Jackie Biggs, a 2013 masters graduate from George Washington University’s Columbian College Art Therapy Program, was given a National Endowment for the Arts grant to “integrate art therapy into treatment for active-duty military patients at Fort Belvoir,” one of the first in the country to focus on the area of art therapy for trauma victims. That treatment has now become a standard component of the hospital’s patient/soldier protocol. Biggs believes it’s been effective because “this is a group that tends to internalize their trauma; they hope it will go away if they don’t talk about it.” But swallowing trauma like that can lead to depression, abuse, or suicide, whereas art therapy can “give them a voice when words aren’t there.”

Another program that has received national recognition is Operation Oak Tree, run by the Institute for Therapy through the Arts (ITA) in Chicago. Operation Oak Tree utilizes art therapy and the creative arts to help military families from the time of pre-mobilization and deployment through reintegration. It gained the attention of Second Lady Dr. Jill Biden when it was part of a presentation made in June where Dr. Biden was touring to promote an initiative she’s promoting with First Lady Michelle Obama to mobilize all sectors of society to give members of the armed forces and their families opportunities and support.

The new El Paso program has the potential to serve as an affordable model in this vein because it encourages the local arts community to serve as a conduit for supporting soldiers and their families at a very difficult time.

[This article first appeared in Non-Profit Quarterly]

Share

Arts Initiative Sends Bronx Kids to College Free

Neil Waldman, Illustrator and Arts Educator for Change

13 Nicholas Flachsbart art1

Take motivated students from a low-income area, add art instruction, benchmarks for high grades, and the prospect of a ticket to a first-tier college and, if you’re author and illustrator Neil Waldman, you’ve got The Fred Dolan Art Academy in Bronx, NY. Founded seven years ago and recognized by The New York Times and New York Daily News for its innovation and success, Waldman’s initiative has just gained a new revenue stream, Dream Yard Press, a not-for-profit children’s publishing house founded by Waldman, and which is publishing its first picture book, Al and Teddy.  Here’s the latest on his education art initiative:

What prompted you to start the Fred Dolan Art Academy?

I grew up in the blue-collar neighborhoods of the east Bronx. It was a world of factory workers, plumbers, and shopkeepers. But my love was for drawing and painting, and I soon came to realize that if I wanted to do those things for the rest of my life, I’d have to go to college. I managed to do just that, and eventually became a writer and illustrator of children’s books.
It was during that time that a dream began rising within me – to return to the neighborhoods of my youth, find young artists there, and help them go to college. With this in mind, I created the Fred Dolan Art Academy, named after a recently departed friend. http://www.youtube.com/watch?v=hTy6rqgV9oY&feature=em-share_video_user. The Fred Dolan Art Academy is a free Saturday school whose mission is to help young Bronx artists to build their portfolios, while encouraging them to raise their grades, so that they can be accepted to college. To date, 23 students have graduated from the program, all going to college with scholarships.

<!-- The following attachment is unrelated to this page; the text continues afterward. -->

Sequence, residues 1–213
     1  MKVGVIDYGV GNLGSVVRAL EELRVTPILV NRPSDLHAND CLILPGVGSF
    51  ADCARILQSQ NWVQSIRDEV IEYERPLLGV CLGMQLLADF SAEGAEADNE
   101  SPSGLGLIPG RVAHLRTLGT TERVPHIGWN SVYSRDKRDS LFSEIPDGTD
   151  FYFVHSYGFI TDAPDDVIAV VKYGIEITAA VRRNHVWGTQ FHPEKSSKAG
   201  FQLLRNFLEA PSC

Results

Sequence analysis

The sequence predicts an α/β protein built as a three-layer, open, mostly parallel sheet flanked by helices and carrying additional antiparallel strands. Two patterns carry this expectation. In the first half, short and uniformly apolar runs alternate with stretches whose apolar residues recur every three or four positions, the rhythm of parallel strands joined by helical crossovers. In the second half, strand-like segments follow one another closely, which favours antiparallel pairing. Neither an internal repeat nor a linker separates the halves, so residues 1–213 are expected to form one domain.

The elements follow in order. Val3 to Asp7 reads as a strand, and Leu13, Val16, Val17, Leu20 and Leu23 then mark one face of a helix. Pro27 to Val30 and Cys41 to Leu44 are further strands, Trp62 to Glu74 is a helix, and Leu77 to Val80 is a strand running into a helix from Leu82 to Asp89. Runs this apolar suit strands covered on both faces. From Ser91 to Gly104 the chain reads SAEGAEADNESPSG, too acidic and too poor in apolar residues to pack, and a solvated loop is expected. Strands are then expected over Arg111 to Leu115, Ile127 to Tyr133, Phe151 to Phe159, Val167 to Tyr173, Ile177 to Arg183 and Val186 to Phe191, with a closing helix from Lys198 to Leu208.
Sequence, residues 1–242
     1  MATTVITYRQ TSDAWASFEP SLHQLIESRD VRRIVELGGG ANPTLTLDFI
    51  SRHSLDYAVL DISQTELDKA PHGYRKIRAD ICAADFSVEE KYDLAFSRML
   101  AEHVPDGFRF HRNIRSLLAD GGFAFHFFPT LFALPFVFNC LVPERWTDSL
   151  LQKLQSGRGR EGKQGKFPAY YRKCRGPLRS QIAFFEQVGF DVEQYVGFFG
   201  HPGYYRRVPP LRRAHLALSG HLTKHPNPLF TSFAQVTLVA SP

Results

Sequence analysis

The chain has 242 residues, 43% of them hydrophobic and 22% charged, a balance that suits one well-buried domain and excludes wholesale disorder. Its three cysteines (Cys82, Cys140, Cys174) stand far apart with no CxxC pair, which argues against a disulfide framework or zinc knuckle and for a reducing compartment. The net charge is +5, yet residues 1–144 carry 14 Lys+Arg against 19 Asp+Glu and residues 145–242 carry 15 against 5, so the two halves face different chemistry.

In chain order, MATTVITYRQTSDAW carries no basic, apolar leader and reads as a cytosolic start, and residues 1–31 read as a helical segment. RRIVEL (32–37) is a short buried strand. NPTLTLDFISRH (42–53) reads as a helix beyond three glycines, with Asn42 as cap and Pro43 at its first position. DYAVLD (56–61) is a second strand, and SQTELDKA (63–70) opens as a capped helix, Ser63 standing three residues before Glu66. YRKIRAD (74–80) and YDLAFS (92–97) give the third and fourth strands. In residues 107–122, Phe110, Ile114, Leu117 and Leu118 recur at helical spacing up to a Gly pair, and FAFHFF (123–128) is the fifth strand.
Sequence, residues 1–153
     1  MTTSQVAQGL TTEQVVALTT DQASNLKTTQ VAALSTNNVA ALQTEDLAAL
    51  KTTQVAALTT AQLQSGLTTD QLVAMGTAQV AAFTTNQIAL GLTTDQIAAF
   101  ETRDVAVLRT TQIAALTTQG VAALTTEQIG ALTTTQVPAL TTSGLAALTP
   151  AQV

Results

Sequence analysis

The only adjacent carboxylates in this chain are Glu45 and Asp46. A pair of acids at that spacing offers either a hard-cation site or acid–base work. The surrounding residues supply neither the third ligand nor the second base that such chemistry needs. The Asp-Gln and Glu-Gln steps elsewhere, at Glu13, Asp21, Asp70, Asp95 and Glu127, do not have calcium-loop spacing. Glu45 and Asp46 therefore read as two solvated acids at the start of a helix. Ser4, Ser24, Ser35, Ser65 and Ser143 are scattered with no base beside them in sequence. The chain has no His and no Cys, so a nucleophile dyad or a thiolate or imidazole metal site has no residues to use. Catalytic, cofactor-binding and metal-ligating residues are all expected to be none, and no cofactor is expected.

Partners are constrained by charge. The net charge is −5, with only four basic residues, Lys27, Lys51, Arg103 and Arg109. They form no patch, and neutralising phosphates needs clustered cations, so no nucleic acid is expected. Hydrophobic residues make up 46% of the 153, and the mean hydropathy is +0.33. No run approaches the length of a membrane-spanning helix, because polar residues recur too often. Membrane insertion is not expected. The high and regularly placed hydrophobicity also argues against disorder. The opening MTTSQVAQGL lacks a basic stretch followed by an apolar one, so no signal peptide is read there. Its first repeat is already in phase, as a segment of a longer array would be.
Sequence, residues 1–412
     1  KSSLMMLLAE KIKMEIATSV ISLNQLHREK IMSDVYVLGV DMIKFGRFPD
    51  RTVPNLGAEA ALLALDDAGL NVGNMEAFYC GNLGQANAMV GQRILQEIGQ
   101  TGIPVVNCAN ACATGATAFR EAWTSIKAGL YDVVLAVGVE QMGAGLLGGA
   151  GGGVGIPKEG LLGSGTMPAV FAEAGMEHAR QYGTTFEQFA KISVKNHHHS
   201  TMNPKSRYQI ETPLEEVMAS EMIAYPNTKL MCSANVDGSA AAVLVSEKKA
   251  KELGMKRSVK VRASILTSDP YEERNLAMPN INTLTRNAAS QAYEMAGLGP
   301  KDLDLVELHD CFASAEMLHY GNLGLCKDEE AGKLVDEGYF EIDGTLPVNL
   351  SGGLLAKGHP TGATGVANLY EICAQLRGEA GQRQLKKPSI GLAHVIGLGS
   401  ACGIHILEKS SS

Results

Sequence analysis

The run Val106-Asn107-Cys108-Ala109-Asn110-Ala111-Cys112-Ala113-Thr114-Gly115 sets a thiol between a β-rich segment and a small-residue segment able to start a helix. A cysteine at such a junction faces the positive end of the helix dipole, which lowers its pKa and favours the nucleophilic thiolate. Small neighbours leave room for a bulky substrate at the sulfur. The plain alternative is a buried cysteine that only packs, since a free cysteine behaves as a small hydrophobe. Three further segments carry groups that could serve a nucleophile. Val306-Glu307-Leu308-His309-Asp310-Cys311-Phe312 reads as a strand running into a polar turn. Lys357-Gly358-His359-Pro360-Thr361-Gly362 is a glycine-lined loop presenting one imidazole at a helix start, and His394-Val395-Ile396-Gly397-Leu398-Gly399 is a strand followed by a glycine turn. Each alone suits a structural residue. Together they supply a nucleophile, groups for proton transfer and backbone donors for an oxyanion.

We’ve done this by giving the kids hope for a better future. Teaching them art has served as a bridge to academic success because they now understand that if they work on their art and raise their grade point averages, they’ll be eligible for scholarships to college.
Were they kids who had interest or particular talent in art?
The students who join the program are lovers of art, but we don’t require any art background or skill set to be accepted.
I think that talent is overrated. I believe in commitment and passion for art (or any other field). If people work hard and diligently, there’s no reason they can’t succeed . . . And we’ve never rejected a single youngster. All we require is that they attend classes every Saturday, and work steadily while they’re with us. In most cases, our graduates choose art as a career, but some have decided to pursue other fields in college. Some are now majoring in architecture, finance, creative writing, and theatre.
Do you think you’d have gotten similar results with other subjects?
Yes. I think it could happen with any subject. But our expertise is in art. The academy’s teachers are all successful artists and art educators, capable of teaching the skills necessary to succeed in the art field. But our kids come from families where no one has ever gone to college. And so there’s no understanding of the importance of a college education.
We’ve been doing this for 7 years now, and the data bank is growing. Every one of our 23 graduates is now in college with a scholarship. Our success is proving that hope is the most powerful tool. Without hope, there’s no reason to succeed in school. With hope, the goal of a college education becomes real, and our students have begun to realize that it’s possible to spend their lives doing what they love most.
What are your thoughts about future of arts funding?